A church of blessing, encouragement and praise
In September, the PCC adopted a new Mission Action Plan for the coming years. It draws upon the gifts we currently possess so as to build a lasting heritage of ministry and mission for the years to come; and it provides myself and the Church Council with some guiding, gospel principles by which we may plan and make decisions regarding the best use of our resources in response to the needs of the people of this place, the ‘sheep of this pasture.’
The theme for our new MAP is “A church of blessing, encouragement and praise.” Of blessing, because that is what I often see in those who share worship with us and pass through, and because it should surely be possible in a church to find God’s blessing (and if not here, then where?); of encouragement, because this is what we do really well, to a rich gallery of pilgrims who arrive on our doorstep; and of praise, because this too is our shared calling, to sing and speak of God’s presence and purpose.
On this foundation we then build the four walls of our house of mission:
- To establish a permanent engagement with the residential, commercial, cultural, educational and social care forums of the wider community. This is, I recognise, largely the work of priestly and pastoral ministry which I exercise on behalf of us all. (I am forever saying ‘We’). It has been good to renew this work again over the past six months and I look forward to extending it in the time to come.
- To build up a practice of prayer and scripture reading among the congregation. Many will have a practice of prayer and know their scriptures well, but perhaps not all. One Sunday each month, therefore, I will preach in a more expository style on one of the letters or themes of the gospel and will also look for other ways to encourage the practice of prayer
- To develop a genuine ministry and mission to children and families drawn from the parish community. This aims to build on the experience of the children’s event we held at the beginning of September.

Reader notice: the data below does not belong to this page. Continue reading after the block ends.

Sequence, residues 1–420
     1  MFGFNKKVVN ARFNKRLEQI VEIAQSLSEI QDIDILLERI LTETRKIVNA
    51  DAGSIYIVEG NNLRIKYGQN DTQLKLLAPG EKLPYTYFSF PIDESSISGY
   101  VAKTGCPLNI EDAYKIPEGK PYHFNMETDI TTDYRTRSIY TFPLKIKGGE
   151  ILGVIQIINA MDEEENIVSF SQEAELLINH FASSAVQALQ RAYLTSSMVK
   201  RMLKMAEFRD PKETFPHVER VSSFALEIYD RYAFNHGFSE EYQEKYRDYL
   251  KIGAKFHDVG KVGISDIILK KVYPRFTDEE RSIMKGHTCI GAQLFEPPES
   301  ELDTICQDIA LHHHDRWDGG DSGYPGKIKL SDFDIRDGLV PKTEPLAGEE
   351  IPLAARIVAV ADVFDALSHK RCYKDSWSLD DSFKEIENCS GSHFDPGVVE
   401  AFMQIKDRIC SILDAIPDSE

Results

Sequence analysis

- To enrich the liturgical year by seeking creative ways of celebrating festivals and responding to contemporary themes within the liturgical pattern of the Book of Common Prayer.
The Little Big Camp and the Children’s Space
About 30 families turned up for what I hope will be the first of many ‘Little Big Camps’ held in the churchyard on Saturday, 3rd September. Hand-made tents were put up outside along with games and craft activities, a bouncy castle, face-painting, food stalls and, later in the afternoon, a short music recital in church. At the same time we set out for the first time the play equipment and books at the west end of the church as a place where parents, carers and children can spend time together. I am grateful to a good many people who first thought of all this and then, by their labours, made it possible: to Chi, Pascalis, Eva, Rachel and many more of their friends, and also to Sunyi, Kate and Shirley from the St Giles Choir. My thanks to you all.
A Present from Australia
With a collection of small gifts recently left at St Giles was found the following fascinating note: ‘My great-great-grandmother was baptised here in the early 1820’s before being transported to Sydney on the female convict ship in 1823 at the age of 1 – 2 years. Her 19 year old mother and 16 year old aunt were baptised here and transported together. They were Elizabeth Ford, age 19, alias Miller, her daughter Mary Ford, 1 – 2 years and Hannah Ford, age 16, alias Miller. Elizabeth and Mary have many descendants but Hannah continued to lead a sad life. Threads of Christian blessing can be seen down the family ancestry (some of this is also attributable to Elizabeth Fry).’ Ruth.
Buried Treasure Bible reading group meets from 1 – 2pm in the Vestry House on 11th, 18th and 25th October | The first Sunday charity for the season of harvest is the Royal Agricultural Benevolent Institution, which supports the more hard-pressed families within the agricultural community.